I've long wondered why women can't become Catholic Priests. The literal role of Priests is to act in persona Christi Capiti, or in the person of Christ, and I simply can't comprehend why women can't do it. I'm genuinely curious - can anyone offer an explanation? It seems to me that in this day and age - especially with the ongoing shortage of Catholic Priests! - that it is at the very least irrational not to allow women to hold that special role. And even more than that - it's sexist. (Actually, I don't think the Church could disagree with the notion of it being sexist, since the definition of sexism is discrimination based on sex, and that's the exact rationale).
The standard answer from the Church (and the one I was given by the Priest leading the marriage prep last year ) was that because Jesus' disciples were men, so Priests should also be men.
Up until the second or third centuries, women were able to do "at least priestly functions, if not to ordination". According to the article, these people were called "heretics" because it "wasn't what Christ willed, and it's against apostolic teaching". (Source). Until 1976 the language remained kind of ambivalent. Women still weren't ordained, but it wasn't until that year that an official declaration came out of the Vatican. Those early Catholics, they said, "immediately censured this step, judging it a novelty which should on no account be accepted into the Church."
So, to summarize - women have never been allowed to be Catholic Priests... and because they have never been Priests, that makes it a tradition. And the Church wants to maintain the tradition.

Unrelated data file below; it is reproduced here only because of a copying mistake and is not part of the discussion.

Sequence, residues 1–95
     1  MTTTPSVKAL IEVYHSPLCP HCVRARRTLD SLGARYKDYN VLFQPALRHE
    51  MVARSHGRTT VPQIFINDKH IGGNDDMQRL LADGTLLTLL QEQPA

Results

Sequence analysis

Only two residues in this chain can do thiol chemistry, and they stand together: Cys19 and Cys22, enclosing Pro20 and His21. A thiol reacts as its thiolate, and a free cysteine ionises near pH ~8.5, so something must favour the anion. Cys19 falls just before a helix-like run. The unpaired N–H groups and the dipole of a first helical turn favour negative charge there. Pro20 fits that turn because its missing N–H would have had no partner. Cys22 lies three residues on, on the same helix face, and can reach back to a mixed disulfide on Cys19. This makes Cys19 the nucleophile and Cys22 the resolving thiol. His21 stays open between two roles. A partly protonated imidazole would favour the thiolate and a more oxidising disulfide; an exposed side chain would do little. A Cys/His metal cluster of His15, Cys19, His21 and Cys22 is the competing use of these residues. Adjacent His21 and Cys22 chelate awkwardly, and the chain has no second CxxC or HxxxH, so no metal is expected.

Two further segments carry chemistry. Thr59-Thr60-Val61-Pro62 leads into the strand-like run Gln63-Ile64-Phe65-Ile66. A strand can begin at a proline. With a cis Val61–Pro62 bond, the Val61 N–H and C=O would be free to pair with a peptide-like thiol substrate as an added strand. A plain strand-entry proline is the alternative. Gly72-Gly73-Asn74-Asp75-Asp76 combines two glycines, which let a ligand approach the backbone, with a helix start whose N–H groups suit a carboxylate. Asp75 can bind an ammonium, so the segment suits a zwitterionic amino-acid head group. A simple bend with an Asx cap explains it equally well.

To me, it seems so obvious: this circular logic acts as an un-questionable, un-changeable, self-fulfilling declaration.
But at what cost?
Sometimes the Catholic faith is called the "Catholic Tradition", and that's a pretty fitting term. The history associated with the Catholic Tradition is important, and a deep part of the Catholic legacy, but I can't help but think that the Church is becoming less and less relevant - or at least less influential - with each passing year.
The number of Catholic Marriages has fallen by 1/3 since 1965.
In 1958, 3 out of 4 Catholics attended weekly Mass. Today, 1 in 4 do.
Almost half of all Catholic high schools have closed over the past 45 years.
By 2020, there will be only 31,000 Catholic Priests in the US, and half will be over 70.
For Catholics, the numbers are grim, and maybe a little scary. With a population that is literally dwindling in both size and devotion, I believe the time has come to modernize. Are 2,000 year old principles enough to stand on if you're standing alone? There are many ways in which the Church could (should!) re-emerge in today's world, but I recognize that most of them are probably impossibly closed to change (the right of women over their own body and gay rights, to name just two). Allowing women to become Priests is small in gravity and importance to the Tradition, and huge in both symbolism and modernization. Perhaps more importantly, it would be a sign to all kinds of Catholics - both the devout and the lapsed - that the Catholic Church is just like us: a fallible, living and breathing organism, focused on growth, expansion, and - yes - tradition.